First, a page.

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This said, while the film skirts around the physical aspects of anorexia, it does not shirk away from the emotional impact of what the lead character is going though. The fact that in places, with young women living together in a care hospice, it plays out like a sorority house movie only serves to make the tragedy all the more shocking when it comes. 

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For me To the Bone was a mixed bag. Collin’s performance is strong but other characters are little more than plot devices and some, like Keanu Reeves’ unconventional doctor, are not really believable. Marti Noxon’s experience as a anorexia suffer does come through but so does her inexperience as a director. As a writer she has done a lot of work on things like Buffy and other teen and singles dramas, sometimes with horror elements and sometimes not, but this film needed a different approach. It needed something considerable less conventional.

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I think the biggest problem is that unlike that other controversial Netflix show this does nothing to present the reasons why. If it was going to be successful in preventing more cases of young people succumbing to this illness then it needed to flag the warning signs. No doubt I am speaking as a parent here but would it not be better to help people avoid getting into this situation as well as giving them the strength to get through it? Maybe there are just too many potential triggers and it is impossible to see coming. It doesn’t even say much about how you might get past it either though. It is all a little easily fixed at the end. I don’t want to say too much about the denouement but it all veers a little toward imagery and metaphor with Collins both literally and figuratively climbing a hill to salvation.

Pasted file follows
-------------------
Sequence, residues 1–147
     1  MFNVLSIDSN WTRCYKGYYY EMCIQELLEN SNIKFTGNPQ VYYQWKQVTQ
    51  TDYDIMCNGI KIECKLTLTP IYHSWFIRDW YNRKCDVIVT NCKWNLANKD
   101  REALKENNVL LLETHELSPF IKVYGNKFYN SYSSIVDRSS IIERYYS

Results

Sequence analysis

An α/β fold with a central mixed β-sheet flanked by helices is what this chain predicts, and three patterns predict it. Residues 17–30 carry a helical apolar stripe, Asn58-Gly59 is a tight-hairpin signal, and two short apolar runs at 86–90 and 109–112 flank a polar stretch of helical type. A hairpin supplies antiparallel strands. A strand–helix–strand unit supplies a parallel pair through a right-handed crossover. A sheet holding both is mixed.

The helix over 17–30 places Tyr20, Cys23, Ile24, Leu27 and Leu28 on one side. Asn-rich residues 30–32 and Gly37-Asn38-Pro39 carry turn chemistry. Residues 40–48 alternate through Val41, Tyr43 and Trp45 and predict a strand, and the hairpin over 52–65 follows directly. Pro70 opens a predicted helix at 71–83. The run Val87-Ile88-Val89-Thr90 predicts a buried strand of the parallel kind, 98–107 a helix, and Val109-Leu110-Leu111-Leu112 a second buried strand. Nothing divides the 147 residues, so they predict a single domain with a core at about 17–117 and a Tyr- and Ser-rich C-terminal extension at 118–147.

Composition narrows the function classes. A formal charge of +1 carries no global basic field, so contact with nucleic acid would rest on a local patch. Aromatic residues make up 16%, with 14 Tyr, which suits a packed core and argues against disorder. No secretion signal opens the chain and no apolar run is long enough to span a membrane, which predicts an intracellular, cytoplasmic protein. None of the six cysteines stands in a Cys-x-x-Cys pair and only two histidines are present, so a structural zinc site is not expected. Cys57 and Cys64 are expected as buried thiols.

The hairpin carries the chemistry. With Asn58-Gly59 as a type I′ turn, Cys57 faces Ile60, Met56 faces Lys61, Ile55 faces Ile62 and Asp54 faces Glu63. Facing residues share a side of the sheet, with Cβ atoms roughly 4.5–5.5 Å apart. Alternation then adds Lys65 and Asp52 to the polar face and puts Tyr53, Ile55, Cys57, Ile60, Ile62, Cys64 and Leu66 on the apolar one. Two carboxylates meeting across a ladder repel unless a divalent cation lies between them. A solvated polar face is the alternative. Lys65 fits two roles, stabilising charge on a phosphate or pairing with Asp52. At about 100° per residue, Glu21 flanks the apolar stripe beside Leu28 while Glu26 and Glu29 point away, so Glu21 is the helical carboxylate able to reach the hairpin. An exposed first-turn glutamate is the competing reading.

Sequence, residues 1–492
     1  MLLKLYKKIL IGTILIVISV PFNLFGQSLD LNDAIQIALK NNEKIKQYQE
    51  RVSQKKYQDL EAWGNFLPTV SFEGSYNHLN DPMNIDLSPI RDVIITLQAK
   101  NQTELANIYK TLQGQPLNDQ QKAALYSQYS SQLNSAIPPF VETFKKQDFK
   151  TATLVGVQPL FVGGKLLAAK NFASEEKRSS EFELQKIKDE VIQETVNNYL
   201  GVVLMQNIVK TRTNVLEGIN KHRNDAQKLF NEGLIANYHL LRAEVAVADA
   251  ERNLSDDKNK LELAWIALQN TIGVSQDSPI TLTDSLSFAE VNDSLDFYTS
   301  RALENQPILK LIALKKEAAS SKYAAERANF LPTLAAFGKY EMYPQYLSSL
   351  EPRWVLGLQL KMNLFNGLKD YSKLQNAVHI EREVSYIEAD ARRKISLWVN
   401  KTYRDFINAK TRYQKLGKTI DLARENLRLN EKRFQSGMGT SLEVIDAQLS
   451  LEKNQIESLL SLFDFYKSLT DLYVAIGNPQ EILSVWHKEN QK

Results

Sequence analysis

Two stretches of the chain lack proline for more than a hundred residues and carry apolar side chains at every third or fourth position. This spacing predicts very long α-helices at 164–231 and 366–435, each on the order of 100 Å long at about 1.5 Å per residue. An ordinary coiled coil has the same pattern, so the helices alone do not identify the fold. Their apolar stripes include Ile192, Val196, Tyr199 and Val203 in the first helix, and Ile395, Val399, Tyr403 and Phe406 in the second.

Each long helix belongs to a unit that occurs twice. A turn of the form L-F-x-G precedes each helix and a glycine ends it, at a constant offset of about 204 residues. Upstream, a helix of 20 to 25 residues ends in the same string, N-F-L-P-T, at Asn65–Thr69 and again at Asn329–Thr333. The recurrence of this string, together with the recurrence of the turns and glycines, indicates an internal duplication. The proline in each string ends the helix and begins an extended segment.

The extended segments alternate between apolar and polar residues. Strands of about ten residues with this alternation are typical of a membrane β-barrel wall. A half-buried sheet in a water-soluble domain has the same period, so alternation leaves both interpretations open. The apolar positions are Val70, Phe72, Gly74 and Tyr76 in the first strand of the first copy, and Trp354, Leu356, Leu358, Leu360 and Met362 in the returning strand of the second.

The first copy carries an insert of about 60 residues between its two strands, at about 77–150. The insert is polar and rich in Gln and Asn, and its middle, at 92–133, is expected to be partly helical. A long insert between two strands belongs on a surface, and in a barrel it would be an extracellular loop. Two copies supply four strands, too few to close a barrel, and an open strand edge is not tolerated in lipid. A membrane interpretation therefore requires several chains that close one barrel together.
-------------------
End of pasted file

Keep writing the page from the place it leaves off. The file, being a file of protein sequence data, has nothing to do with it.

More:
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With regards to Hadley Freeman’s point about the romance sub plot I do think this distracts and only makes the whole thing seem more artificial. It is hard to believe she would fall for anyone in this situation and it is almost as hard to believe she would fall for the guy in question. He is so full of affectations that he is just annoying. He is just one of too many things in the film that are not the same as they would be in real life.

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Still, in response to the criticisms of her film Noxon said that what she wanted it to do was start a conversation and for this you have to applaud it. 

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The Ripley Factor:
There are a few shots of Lily Collins in a dressed down state but these are clearly not designed to objectify her. More problematic is the way the men, deliberately or otherwise, are set up as her saviours. The main character is surrounded by women but it is the one male among her fellow patients and the male doctor that are her potential road to salvation. This isn’t to take away from her own role in her journey but the impression given is that she owes them a lot. Her sister is the one other player who genuinely helps her but there remains a gender imbalance in this story of a woman suffering a predominantly female ailment.

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Is this one for the kids?
In the end this is the most important question. It isn’t a film for littluns, it is rated 15, due in part to some sweary spikiness on the part of the protagonist that the script seems to abandon ten minutes in. In terms of its suitability for teenagers though I think it is one they should watch. I don’t suppose it would prompt any imitative behaviour unless someone is already vulnerable and I do believe it has some valuable educational benefit. In the end, Hollywoodised or not I think those depicted as suffering from anorexia are shown to be otherwise normal kids (apart from the guy) and this is an important message.